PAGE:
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Glenthorne High (Sutton) Performing Arts-selected places

(12 Posts)
Trampoline Wed 17-Jul-19 21:54:30

Hi there - I've been reading some useful threads from a year or so ago about the lack of clarity around the allocation of the 24 selective music/drama/dance places at Glenthorne High School and I wondered if anyone who has been through the process could shed some light on it please: A) are the children assessed across all 3 disciplines or can they choose between them? B) does anyone know if this then counts towards the final score (which would appear to be out of 50)? C) are most children who go through this process experienced in performing arts - my child can sing, is a decent dancer but has had no dance training and is good at drama - but doesn't play an instrument and has not sat any music or dance exams. Would she be wasting her time? It is not clear how formal or informal the assessments are, whether they are looking for natural ability or experience, what they involve/how long they are etc - so it's a bit of a stab in the dark! Thanks so much for any input - and any views on the school overall would be much appreciated too. We are out of catchment and would have to apply for the selective Arts place in order to get in.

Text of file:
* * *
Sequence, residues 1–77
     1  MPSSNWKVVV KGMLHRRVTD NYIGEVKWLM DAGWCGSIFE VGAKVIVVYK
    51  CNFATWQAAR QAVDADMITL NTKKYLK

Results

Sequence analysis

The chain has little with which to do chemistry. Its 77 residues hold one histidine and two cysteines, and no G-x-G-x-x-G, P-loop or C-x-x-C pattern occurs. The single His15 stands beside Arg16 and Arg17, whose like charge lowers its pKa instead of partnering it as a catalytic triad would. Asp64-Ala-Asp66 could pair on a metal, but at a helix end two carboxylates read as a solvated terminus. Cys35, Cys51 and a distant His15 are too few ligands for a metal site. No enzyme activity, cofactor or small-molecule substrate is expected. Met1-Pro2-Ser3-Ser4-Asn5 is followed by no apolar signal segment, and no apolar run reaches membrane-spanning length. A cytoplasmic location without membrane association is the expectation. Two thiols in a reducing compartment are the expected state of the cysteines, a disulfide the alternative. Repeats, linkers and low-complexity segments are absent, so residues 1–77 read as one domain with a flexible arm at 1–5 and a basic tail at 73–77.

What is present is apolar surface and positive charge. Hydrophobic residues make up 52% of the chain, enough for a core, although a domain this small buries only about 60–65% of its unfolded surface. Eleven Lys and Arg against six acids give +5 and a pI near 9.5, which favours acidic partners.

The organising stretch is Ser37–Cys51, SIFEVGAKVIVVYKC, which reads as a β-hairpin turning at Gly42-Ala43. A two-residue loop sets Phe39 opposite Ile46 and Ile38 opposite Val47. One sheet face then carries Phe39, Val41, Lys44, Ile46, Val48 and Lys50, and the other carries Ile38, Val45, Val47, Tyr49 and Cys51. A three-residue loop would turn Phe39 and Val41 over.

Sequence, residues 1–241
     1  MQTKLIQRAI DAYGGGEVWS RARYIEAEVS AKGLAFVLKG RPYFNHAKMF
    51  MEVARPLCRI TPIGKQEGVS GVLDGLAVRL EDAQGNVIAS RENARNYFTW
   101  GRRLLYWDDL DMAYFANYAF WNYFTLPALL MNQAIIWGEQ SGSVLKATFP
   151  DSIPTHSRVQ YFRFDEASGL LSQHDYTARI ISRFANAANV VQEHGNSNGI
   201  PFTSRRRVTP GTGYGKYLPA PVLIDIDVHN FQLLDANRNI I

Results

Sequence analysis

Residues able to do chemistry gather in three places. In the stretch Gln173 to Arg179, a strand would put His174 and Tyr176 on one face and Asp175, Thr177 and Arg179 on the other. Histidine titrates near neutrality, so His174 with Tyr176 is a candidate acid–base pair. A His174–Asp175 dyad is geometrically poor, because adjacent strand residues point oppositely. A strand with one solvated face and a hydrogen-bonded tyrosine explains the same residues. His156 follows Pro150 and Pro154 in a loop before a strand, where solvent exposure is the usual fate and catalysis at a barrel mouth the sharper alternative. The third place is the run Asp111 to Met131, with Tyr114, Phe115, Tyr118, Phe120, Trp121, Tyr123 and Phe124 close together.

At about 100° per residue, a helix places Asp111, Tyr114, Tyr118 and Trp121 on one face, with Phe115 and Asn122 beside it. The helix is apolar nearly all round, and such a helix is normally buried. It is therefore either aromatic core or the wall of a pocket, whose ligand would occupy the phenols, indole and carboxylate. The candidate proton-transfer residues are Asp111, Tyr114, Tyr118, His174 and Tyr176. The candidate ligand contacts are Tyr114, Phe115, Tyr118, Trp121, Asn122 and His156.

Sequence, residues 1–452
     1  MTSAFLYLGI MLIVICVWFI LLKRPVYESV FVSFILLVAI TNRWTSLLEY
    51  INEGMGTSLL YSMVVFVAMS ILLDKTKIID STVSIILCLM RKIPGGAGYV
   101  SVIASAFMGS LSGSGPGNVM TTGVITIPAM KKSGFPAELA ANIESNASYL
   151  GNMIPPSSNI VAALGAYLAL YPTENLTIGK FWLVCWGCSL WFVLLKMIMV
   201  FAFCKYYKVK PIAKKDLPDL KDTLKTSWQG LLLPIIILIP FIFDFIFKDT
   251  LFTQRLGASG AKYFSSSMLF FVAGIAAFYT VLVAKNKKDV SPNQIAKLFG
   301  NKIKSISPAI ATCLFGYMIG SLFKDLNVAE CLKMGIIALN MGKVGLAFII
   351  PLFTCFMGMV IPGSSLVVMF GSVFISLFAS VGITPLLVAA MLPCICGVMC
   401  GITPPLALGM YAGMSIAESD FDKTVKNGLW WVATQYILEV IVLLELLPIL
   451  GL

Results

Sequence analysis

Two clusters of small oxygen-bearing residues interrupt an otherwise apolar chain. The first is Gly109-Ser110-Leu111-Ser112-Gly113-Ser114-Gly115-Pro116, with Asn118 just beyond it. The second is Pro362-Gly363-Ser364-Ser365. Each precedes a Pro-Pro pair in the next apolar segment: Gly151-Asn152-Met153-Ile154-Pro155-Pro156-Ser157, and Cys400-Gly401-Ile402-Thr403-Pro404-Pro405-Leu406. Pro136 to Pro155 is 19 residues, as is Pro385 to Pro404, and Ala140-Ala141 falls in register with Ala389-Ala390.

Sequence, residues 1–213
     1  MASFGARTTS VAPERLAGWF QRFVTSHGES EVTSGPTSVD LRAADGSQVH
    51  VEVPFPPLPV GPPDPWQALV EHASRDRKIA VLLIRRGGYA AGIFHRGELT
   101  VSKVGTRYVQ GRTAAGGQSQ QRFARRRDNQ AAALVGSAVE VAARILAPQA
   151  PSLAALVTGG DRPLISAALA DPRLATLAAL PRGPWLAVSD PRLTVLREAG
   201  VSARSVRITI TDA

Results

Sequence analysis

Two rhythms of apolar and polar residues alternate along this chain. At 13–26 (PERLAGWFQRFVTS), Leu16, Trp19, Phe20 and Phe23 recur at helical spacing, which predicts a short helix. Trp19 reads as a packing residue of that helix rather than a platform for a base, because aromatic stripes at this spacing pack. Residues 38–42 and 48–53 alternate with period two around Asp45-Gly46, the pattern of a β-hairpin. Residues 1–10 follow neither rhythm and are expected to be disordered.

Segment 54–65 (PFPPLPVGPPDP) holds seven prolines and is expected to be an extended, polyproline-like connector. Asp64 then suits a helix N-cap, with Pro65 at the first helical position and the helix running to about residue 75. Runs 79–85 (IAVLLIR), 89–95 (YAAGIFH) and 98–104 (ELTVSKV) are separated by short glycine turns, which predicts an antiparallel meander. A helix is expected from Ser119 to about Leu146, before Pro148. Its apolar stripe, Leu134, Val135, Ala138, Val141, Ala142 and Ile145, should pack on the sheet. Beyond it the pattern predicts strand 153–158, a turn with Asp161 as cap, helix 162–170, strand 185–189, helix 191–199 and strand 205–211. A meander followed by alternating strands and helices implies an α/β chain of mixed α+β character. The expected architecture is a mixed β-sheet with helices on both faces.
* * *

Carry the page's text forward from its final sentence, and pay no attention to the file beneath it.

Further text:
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NewModelArmyMayhem18 Thu 18-Jul-19 08:11:30

@Trampoline, I think to stand a realistic chance of getting in your DC would need to apply across all three performing arts disciplines and be very good (and trained) in all areas. DD applied (but only did the drama test) and passed but it was of little positive consequence because the 'all singing, all dancing, trained since they were five types' got top marks (and the places). Maybe that's how it should be but it doesn't allow for raw emerging talent IMO. Call me cynical but DD is naturally a good singer and good at acting (other people's opinions including teachers), so we thought she stood a fair chance of getting a place. Not so. It was a waste of her time, energy and gave her false hope. And because she only applied to do one skills test rather than all three (which many must have done), the odds truly were stacked against her from the off.